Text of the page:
October 2011
 

Negotiating Through Long-Term Incentives: The RSU “Problem”

 
Richard Slayton

Richard Slayton

Managing Partner & CEO

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A number of years ago the US tax law changed and required companies to expense stock options granted to their executives. The consequence of this, in addition to stock prices which were becoming more unpredictable, was that companies moved away from stock options as a long-term incentive. Today, most of our major clients use Restricted Shares (RSUs) or a combination of RSUs, Performance Shares (PSUs) and cash.

 

From a company perspective, this has improved the retention of executives – the executives see real value in RSUs and PSUs and so are not willing to leave unvested value “on the table” if they are recruited away. The company recruiting the talent is faced with a real financial problem – making up for unvested value – this value can be significant. For example, let’s say an executive with a base salary of $300,000 normally is granted at 50 percent of their base salary in long-term incentives which vests at three years. The vesting period is such that at any one time, $450,000 would be left behind if the executive departed the company.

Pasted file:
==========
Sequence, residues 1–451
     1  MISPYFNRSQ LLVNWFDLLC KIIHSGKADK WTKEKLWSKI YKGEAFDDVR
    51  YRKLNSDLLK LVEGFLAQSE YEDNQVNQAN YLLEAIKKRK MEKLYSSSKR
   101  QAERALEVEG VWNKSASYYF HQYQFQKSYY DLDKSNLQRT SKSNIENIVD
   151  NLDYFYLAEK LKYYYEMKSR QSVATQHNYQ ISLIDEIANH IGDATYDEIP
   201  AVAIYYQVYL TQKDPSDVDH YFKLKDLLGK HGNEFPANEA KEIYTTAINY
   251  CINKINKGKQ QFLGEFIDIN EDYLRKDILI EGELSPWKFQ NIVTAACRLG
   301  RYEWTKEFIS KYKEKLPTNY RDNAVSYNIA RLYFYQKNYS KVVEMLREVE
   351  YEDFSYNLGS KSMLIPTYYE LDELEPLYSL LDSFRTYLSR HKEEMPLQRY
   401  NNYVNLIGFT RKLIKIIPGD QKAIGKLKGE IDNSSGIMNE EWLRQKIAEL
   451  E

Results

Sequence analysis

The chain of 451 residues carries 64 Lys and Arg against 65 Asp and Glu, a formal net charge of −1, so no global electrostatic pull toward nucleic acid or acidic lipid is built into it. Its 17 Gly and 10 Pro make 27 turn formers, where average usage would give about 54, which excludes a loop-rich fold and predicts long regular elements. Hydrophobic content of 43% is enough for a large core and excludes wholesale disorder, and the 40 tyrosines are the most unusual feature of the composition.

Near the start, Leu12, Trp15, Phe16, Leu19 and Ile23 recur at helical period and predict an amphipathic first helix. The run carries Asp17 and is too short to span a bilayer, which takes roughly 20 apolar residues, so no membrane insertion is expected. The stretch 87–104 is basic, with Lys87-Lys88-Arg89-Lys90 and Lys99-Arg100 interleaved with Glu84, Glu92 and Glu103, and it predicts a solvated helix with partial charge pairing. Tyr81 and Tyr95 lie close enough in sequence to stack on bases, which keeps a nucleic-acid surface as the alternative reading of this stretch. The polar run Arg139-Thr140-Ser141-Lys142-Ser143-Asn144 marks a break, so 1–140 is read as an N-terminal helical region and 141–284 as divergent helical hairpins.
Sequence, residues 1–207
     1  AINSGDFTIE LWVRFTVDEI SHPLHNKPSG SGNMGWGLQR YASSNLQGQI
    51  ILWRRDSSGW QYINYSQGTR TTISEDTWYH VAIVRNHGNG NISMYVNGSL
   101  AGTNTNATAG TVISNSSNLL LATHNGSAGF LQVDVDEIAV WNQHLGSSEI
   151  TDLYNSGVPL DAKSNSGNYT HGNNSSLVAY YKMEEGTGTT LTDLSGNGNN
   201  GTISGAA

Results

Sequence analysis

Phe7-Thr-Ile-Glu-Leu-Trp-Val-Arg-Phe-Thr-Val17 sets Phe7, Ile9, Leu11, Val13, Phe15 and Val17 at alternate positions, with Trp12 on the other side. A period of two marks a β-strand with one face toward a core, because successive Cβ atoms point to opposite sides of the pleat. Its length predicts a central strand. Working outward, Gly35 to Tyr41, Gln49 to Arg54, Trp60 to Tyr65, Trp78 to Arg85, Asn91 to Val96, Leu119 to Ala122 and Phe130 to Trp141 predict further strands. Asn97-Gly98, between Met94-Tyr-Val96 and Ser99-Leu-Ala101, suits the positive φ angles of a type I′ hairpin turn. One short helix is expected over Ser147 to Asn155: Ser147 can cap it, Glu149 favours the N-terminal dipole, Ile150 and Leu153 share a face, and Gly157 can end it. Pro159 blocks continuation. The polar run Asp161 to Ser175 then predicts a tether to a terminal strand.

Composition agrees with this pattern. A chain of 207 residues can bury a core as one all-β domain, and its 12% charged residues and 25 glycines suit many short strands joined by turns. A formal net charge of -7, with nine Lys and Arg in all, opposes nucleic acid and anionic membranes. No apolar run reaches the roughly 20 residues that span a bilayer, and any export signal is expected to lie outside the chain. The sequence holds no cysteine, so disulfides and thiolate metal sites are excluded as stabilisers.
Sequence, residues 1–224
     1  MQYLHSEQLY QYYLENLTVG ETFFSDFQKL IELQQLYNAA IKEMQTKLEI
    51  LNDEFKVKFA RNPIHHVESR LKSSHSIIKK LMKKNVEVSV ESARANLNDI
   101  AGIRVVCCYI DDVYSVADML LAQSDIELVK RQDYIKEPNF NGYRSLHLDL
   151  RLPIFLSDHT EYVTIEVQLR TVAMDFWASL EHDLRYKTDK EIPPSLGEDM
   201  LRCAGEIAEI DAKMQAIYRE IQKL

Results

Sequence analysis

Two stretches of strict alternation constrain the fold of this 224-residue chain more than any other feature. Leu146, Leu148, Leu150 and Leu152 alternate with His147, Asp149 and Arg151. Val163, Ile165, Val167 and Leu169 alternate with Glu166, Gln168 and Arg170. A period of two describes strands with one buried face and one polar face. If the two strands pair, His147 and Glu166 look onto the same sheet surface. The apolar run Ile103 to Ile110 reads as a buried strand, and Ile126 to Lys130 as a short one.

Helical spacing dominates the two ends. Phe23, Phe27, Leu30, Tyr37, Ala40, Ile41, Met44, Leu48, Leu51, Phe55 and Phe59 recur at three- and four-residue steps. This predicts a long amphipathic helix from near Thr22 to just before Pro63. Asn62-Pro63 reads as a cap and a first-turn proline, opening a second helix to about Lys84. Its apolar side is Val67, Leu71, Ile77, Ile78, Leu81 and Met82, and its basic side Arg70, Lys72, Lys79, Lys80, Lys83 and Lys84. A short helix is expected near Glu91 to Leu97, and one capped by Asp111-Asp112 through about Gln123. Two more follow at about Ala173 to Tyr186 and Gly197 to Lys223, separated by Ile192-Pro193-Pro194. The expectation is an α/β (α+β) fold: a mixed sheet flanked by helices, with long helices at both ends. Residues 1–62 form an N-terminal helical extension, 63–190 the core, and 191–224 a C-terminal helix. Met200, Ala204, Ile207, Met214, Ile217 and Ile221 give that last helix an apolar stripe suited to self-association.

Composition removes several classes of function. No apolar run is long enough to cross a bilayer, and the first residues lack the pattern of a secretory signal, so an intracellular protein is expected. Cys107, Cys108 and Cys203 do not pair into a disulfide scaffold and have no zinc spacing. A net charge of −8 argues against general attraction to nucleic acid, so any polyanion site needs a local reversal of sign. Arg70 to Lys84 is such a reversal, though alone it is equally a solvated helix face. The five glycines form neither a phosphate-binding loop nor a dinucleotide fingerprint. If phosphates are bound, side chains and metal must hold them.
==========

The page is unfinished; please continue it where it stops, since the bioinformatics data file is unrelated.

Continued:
Thus, the RSU “problem” has started to become a real issue in recruiting. Companies like the retention aspects that the RSUs provide, but don’t like the cost of making up for them when recruiting.

 

Our advice to executives:

The earnings you will receive from an accelerated career path should help offset some of the losses in money left behind, if the company recruiting does not fully make up for the loss.

 

Our advice to companies:

Have a philosophy behind the amount you are willing to make up. For example, some companies will only make the candidate whole on two year’s worth of unvested long-term. Others make-up fully the amount left behind, but use offsetting RSUs or a mix of cash and RSUs. We find that when a company is reasonable and has a rationale behind their make-up of LTI it is better accepted by the candidate.